eat food

I found the above fabulous flowchart from The Summer Tomato today.  It puts me in mind of Michael Pollan's summary of the entirety of his own advice, 'eat food, not to much, mostly plants.'  How many of us truly follow this type of advice?  Unless I've bought the given product before, I'm constantly reading labels and getting jumpy if there are unpronounceable ingredients or my favorite, 'natural flavoring.'  However, I'm sure I still purchase and eat more than my share of not-food.   

In my budgeting adventures yesterday, Mr. Geek and I sat down to take a real hard look at our financial situation.  Our main expenditures are for housing, fuel, and food.  Housing costs are pretty stable and unchangeable, since our rent isn't likely to change and we already keep the house between 55 and 65 F during the winter.  It was the spreadsheet cell labeled 'grocery' that was truly staggering.  There's absolutely no reason, even with rising food prices and an unstable economy, that two people should need to spend that kind of number just to keep fed.

For reference, I've been tracking my own spending for nearly the past year (see immediately previous post), but have not been following the spending out of our joint account.  This despite the fact that I have personally used the shared debit card for an awful lot of grocery shopping, for the simple reason that I didn't have enough money in my own account at the time.  Bad me for not paying more attention!  

In addition, while I do make an effort to take frugal measures when shopping (scouring the circulars to figure out where to do the week's shopping, clipping coupons when they present themselves, stocking up on stuff when it's on sale, etc.), obviously there's been more than a little mindless spending when it comes to the grocery store.  We do tend to splurge on good ingredients fairly often, since we both love to cook and are amateur foodies.  Food spending falls into three basic categories: 

  • Deliveries from our local CSA: I'm not giving this up unless I absolutely have to.  Fresh, in-season, local food is absolutely worth it.  I need my fresh veg.  Maybe it should drop to every other week.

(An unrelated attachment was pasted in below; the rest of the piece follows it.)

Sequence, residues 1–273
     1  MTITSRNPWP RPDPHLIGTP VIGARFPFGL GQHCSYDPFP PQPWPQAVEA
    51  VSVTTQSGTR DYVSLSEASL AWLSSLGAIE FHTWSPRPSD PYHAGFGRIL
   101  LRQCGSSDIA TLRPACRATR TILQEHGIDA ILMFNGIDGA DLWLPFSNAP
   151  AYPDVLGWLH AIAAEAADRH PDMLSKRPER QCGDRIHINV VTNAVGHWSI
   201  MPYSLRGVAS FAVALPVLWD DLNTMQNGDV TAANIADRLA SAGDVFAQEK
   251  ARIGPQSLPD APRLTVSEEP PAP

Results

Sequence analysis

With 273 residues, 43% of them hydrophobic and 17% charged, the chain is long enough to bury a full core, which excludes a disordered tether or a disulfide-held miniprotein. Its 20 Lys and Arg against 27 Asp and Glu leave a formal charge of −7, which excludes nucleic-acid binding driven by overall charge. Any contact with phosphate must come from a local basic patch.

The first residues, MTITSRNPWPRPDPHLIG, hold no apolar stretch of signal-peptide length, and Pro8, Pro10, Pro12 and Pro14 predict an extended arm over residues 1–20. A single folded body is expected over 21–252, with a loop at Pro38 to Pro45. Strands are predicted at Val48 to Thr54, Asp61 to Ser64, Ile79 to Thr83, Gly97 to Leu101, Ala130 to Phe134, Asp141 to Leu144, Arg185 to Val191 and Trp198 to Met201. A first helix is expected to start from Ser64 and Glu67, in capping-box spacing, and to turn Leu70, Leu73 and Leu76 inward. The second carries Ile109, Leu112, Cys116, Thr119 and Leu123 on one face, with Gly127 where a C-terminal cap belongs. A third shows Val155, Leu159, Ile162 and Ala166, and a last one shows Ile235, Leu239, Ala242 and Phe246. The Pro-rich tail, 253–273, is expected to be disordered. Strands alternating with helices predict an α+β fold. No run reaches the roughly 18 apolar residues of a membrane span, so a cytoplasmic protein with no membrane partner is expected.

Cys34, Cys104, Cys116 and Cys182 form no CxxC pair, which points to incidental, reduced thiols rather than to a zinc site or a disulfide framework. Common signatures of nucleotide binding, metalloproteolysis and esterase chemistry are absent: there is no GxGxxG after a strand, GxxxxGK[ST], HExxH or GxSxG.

• Pet food: our dog and cat are both on species-appropriate whole prey model raw diets, but I already buy their meat only when on sale and portion and freeze it myself, so I seriously doubt this eats up too much of the budget.  The guinea pigs get fresh veggies along with their pellets and hay, but it's generally leftover bits from prepping ingredients like carrot peels, stuff that's about to be past its prime anyway, or cheap bins of leafies from Costco.
  • General grocery
So what really is to blame?
  • Too much processed food: this is pretty minor, since we do both cook so much.  But why are we always buying so much store bread when I love baking?  The answer, of course, is that I'm just a little too lazy and don't have enough of a plan to make the time to bake enough bread for the week.  This applies to multiple things; what business do I have ever buying pickles, when I've canned up so many jars?
  • Over-purchasing:  looking into our pantry is a fear-inspiring endeavor, since it seems the piles of goods may fall on you at any moment.  Heaven help you if you wanted to add something to a shelf.  The fridge, similarly, is quite a deathtrap.  
  • Lack of inventory management: last year sometime we organized and inventoried everything in the pantry, fridge, freezer, and chest freezer.  However, it hasn't been updated particularly regularly, and so has fallen into irrelevancy.  Not knowing what we already have leads to both over-purchasing, and...
  • Food waste: throwing away what was perfectly good food and only isn't due to inattention is idiotic.  Far too many containers of leftovers get lost at the back of the fridge only to be discovered when they're developing intelligent life, and far too much good produce goes to the crisper drawer only to turn to slime out of either negligence or simply not thinking of something to do with it.  
The solution: in addition to re-instituting some sort of inventory management system, I think it's finally time to try out menu planning.  Ordinarily meals are crafted by staring into the fridge for a while until an idea occurs to one of us.  This means that we both have to keep a huge assortment of ingredients on hand at any one time for any unknown genres of food (hence part of the overstuffed fridge problem) and that shopping is done on the simple method of replenishing whatever gets used up whether it's truly a staple or not, coupled with whim.  And whim gets expensive.  My CSA orders are similarly random, and I just guess what we might find a use for in the coming week, thus leading to languishing slimy lettuce.  There must be a better algorithm to find a practical optimum for the system.  

In theory, sitting down to plan a week's menu shouldn't take too much time, and should allow for both more selective shopping and less stress after work.  I've never done this sort of thing before, aside from planning a few days' worth of bento lunches at a time.  We'll see how it goes.

Along with all those plans, we're talking about a new policy that prohibits using the shared account for food.  If I have to use my own money, it's quite likely that the pressure will be a great help in enforcing frugality.  It's working for everything else, so why not apply it to this as well?

I think there may be all of three people who know this blog exists at this point, but in case anyone has input, what do you think?  Any thoughts or tips on menu planning or reducing grocery expenditures?  How are these things handled at your house?

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